You can use the seat correctly 100% of the time – This is another that can be difficult without an actual baby in the seat. One recommendation is to take a doll or stuffed animal that’s shaped and sized similarly to a newborn to try the seat out. There are a few convenience things that most parents will need to consider. Remember you will be putting this child in the car many times, so you want to feel comfortable with it. Let’s break this category down a bit more:
The first thing to look for in a rear facing only seat is that it’s a front adjust model. This means that there is a strap at the front of the seat that adjusts the harness straps to the correct tightness. Rear adjust models have two straps on the back of the seat that must be tightened individually. They are a bit cumbersome and can make it difficult to properly tighten the harness.
Another convenience feature is a no rethread harness. This means that in order to move the harness straps up or down you don’t have to take the harness off the splitter plate and reroute it through the slots.
When considering a convertible seat, take note of the shape of the seat in relation to the size and shape of your back seat. A seat with higher or lower sides may be a better fit depending on your vehicle. There is no standard for side impact protection in the US, so while it may seem as though a seat with deeper sides gives more protection, there is no crash test data to support this.
Finally, rear facing only seats have a particular place where the handle needs to go when in the car. Most seats allow the handle in any locked position, but a few require it down and some even require it up. Here is a nice list of handle rules for a few rear facing only seats. Needing a handle down while in the car can mean that it will take up more room.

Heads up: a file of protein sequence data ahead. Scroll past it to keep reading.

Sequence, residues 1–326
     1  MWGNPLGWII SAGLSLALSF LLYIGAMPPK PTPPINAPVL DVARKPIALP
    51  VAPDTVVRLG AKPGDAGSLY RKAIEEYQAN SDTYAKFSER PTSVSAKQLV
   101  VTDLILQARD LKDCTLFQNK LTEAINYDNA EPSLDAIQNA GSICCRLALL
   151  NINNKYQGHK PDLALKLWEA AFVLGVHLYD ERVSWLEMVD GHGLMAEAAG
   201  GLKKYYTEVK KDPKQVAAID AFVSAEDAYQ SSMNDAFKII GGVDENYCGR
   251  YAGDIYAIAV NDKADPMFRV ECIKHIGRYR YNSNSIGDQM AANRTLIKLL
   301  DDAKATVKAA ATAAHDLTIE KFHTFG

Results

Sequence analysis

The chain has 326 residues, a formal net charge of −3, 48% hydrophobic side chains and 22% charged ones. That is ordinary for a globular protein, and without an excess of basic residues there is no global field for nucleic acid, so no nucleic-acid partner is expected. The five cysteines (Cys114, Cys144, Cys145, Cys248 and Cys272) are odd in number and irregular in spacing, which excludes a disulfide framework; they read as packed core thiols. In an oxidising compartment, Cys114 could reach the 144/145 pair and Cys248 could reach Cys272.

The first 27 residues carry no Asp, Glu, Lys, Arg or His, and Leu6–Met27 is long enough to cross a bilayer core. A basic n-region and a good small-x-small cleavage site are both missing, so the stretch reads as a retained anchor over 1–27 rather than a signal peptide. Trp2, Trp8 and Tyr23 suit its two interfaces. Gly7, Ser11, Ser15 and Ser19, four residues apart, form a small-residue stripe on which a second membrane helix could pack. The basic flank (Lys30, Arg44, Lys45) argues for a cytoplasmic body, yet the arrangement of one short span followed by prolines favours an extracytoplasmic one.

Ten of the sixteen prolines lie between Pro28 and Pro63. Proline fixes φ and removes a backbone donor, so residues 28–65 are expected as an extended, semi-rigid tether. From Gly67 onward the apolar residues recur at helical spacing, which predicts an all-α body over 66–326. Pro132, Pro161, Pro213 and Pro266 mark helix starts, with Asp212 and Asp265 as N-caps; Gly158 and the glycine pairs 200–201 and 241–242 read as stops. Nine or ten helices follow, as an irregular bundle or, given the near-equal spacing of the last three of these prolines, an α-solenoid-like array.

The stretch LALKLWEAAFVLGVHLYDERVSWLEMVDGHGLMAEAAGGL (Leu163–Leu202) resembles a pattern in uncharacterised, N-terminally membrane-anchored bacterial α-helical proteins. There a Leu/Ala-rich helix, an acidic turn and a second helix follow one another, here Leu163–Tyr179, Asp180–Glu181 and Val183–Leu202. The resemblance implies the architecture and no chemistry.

The main thing to remember with being able to use a seat correctly 100% of the time is to make sure you spend a lot of time playing with it. Know if there are any quirks to the seat and make sure you’re comfortable with them.
3) What do I do once I’ve narrowed down my choices?
Once you’ve narrowed down your choices and you’ve found a couple that fit all your categories, do some research to see what other parents and techs are saying. CSFTL also has a Facebook group where members are encouraged to ask car seat questions. If you’re still having troubles deciding and all your choices have good back up, that’s when you can choose on looks alone. You may like the pattern of one over the other and that’s a fine way to choose at this stage.